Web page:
In early March I wrote some reflections on the Season of Lent and promised to write more in regard to Holy Week later. So, now that we're nearing the end of Holy Week I figured it was time to write that reflection.
So what is Holy Week? This is the last week before Easter, a very holy time that begins with Palm Sunday and ends with the Easter Vigil on Saturday night. So much happens during this last week!
First Palm Sunday. Palm Sunday was this past Sunday and we started Mass outside the church where the bishop blessed our palms and a Gospel reading was read before the procession into the church. The procession reminds us all of the entry of Jesus into Jerusalem. Once we're inside, the Mass starts and proceeds as normal. When we get to the Gospel reading, it is an extended reading of the crucifixion. I've always found this reading interesting and sometimes hard to participate in. This is one of a few times in the Church where the reading is written out for several readers and the congregation gets a part as well. I'm always uncomfortable with the role we get in the congregation as "the crowd." So our part usually consists of saying "Crucify him." It's an uncomfortable role, but I realized this year that it is also a good reminder that God is good. Christ died for us, he died for our sins. So although the people then shouted "crucify him" over and over again, and we today often turn our back on God assuming we know better, God still loves us and forgives us. It may be uncomfortable, but it really is a good reminder of our own sinfulness.
In previous years at the Cathedral we have had a Tenebre Service on Wednesday night of Holy Week. This year they moved it to Sunday night. As a result, we did not attend this year since I have to get up so early on Mondays. I was disappointed that it wasn't on Wednesday night because I always thought it was a great way to introduce the Triduum, which begins on Thursday. Anyway, I did write about the awesomeness of the Tenebre Service two years ago. So if you want to know more, check it out here.
Today is Holy Thursday and with today begins the Triduum. The Triduum is basically three days of prayer that preceed a special feast, in this case Easter, thus we call this three day period the Pascal Triduum. On Holy Thursday the Church holds a Mass to remember the Last Supper. Unfortunately, I am too sick today to attend this Mass, but my husband went tonight. Holy Thursday has so much meaning to it, it's truly an amazing day. During Mass the priest will reinact the washing of the feet. Traditionally twelve men will have there feet washed to represent the twelve apostles. In every Mass we remember the institution of the Eucharist during the Last Supper, but obviously it has much more meaning during this celebration of the Mass. Also, this is the last time we will celebrate the Eucharistic mystery until Easter. The priest will concecrate enough hosts during this Mass to also have available for tomorrow's Good Friday service. Then as the Mass comes to an end, the Eucharist is retired to a side chapel where He remains until midnight. That's also how the Mass ends, if my memory is serving me right. It's a very solemn ending, very moving.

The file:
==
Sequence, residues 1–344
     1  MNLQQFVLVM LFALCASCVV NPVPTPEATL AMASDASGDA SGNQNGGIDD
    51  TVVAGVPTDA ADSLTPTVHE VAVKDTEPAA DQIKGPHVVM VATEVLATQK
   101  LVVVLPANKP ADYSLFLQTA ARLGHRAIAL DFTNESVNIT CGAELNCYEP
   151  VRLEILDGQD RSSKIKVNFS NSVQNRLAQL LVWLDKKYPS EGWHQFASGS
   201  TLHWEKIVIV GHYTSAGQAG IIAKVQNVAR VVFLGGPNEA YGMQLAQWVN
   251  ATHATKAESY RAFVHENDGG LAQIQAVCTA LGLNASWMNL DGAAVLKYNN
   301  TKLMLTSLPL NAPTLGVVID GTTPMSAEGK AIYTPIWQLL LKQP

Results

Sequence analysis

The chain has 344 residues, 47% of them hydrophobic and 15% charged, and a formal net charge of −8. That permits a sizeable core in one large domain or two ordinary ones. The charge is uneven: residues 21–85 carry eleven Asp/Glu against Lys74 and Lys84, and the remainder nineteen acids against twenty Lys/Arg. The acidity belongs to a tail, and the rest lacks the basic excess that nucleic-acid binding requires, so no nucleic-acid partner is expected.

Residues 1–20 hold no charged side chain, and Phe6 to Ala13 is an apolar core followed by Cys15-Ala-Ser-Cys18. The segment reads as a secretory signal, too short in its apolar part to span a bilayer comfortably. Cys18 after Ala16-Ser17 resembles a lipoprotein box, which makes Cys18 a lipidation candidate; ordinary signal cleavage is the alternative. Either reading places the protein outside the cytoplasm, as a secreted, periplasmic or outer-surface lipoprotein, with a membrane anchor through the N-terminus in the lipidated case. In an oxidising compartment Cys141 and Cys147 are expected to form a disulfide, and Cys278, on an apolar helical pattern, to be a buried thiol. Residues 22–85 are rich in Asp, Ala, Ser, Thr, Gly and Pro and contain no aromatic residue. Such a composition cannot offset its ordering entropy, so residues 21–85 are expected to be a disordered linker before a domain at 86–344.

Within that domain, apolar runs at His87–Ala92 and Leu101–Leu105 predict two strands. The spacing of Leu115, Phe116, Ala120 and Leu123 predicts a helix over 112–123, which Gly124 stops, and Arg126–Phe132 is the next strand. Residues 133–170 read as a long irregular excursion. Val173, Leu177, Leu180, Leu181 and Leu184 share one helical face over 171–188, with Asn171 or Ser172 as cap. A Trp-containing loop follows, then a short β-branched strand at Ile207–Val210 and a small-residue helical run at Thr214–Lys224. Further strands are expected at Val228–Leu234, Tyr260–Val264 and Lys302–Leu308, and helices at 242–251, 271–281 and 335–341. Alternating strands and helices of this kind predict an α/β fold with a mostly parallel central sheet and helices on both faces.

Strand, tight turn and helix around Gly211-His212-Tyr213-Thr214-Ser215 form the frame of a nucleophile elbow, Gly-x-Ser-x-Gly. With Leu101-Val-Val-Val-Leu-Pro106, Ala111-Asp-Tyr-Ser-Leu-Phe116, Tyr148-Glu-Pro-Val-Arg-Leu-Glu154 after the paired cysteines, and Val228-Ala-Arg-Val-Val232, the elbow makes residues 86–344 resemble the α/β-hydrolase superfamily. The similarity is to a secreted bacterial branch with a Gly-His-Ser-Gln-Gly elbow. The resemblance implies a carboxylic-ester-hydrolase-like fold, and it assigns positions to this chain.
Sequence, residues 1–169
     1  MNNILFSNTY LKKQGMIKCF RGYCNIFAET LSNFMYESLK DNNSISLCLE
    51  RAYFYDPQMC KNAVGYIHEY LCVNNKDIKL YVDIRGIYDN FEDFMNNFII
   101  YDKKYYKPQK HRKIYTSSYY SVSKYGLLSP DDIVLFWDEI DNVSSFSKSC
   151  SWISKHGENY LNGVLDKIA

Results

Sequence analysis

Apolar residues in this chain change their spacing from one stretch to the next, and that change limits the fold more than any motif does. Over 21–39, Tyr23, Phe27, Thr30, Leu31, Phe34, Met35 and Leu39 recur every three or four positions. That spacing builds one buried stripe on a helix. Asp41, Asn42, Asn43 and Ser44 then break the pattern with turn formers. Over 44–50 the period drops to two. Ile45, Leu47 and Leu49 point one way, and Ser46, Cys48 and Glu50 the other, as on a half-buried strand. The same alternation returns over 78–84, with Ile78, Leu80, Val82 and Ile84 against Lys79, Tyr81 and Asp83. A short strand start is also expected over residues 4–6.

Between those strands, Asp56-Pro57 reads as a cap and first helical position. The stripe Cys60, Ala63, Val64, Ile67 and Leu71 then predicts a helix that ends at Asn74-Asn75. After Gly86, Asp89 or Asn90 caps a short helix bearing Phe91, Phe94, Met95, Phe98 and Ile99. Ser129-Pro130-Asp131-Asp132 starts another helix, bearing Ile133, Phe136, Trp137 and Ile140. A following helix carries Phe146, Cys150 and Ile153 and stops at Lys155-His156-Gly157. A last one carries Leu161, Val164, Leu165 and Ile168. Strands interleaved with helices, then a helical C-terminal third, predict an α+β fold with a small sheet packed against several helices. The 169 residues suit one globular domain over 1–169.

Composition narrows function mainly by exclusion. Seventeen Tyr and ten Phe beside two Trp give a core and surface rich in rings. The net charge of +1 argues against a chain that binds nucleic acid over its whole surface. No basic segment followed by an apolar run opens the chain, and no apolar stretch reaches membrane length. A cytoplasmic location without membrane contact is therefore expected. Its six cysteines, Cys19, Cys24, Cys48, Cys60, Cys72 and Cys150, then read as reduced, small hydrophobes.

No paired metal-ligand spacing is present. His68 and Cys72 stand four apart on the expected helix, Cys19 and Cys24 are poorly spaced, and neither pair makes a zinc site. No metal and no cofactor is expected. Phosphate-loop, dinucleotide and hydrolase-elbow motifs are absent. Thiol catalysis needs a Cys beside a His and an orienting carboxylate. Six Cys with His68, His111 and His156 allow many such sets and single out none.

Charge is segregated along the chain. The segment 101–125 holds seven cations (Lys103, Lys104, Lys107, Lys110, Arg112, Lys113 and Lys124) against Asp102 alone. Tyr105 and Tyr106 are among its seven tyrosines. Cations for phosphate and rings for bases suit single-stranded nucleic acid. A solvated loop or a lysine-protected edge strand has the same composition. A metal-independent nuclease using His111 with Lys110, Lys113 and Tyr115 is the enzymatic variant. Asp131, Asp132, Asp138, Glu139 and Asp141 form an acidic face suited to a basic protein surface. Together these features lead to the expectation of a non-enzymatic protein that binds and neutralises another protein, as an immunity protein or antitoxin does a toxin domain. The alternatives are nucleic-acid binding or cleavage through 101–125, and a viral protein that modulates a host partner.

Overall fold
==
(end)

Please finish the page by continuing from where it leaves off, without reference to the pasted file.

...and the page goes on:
At midnight Christ present in the Eucharist is removed from the Church. It is the only time during the year that Christ is not present in the church. I always find that the church seems kind of empty during that time. It makes the anticipation of Easter even greater. I'm not really sure where they put Christ during that time.
On Good Friday we remember the crucifixion of Christ. Also, it's a day of fast in the church: two small meals, one regular size meal, and no snacks. On Good Friday we have a service (not a Mass) to remember the crucifixion. Why do we not call it a Mass? Well, the Mass revolves around the Eucharist, and since the priest will not be concecrating any hosts, we call it a service. This service usually begins with a procession into the Church with a huge cross (at least in my church). During the service we will also all come to the front of the church to venerate the cross. I can't remember what else happens during the service. I know it's also a very solemn service. But at the same time it's a joyful time. That may sound strange, but that's why we call it Good Friday. Without Good Friday we wouldn't have Easter. Jesus died for our sins and this is the day that we remember that great sacrifice. What a wonderful reminder of the goodness of God!
Holy Saturday, the third day of the Pascal Triduum, is the one and only day in the Church where there is no Mass or service anywhere in the world. The Eucharist is still absent (since Christ had died) and it is not yet Easter (the celebration of the Resurrection). However, once the sun goes down on Holy Saturday, the Church begins the Easter season.
Lent ends and the Easter Season is ushered in with the Easter Vigil Mass on Saturday night. After six weeks of Lent, six weeks of sacrifice and extra prayer, we joyfully welcome the six weeks of the Easter Season.
I enjoy Lent. Many people find it a struggle, and at times it certainly can be. But the sacrifices we make are only a small reminder of the sacrifice Jesus made for us. That reminder over the past six weeks makes Easter even sweeter.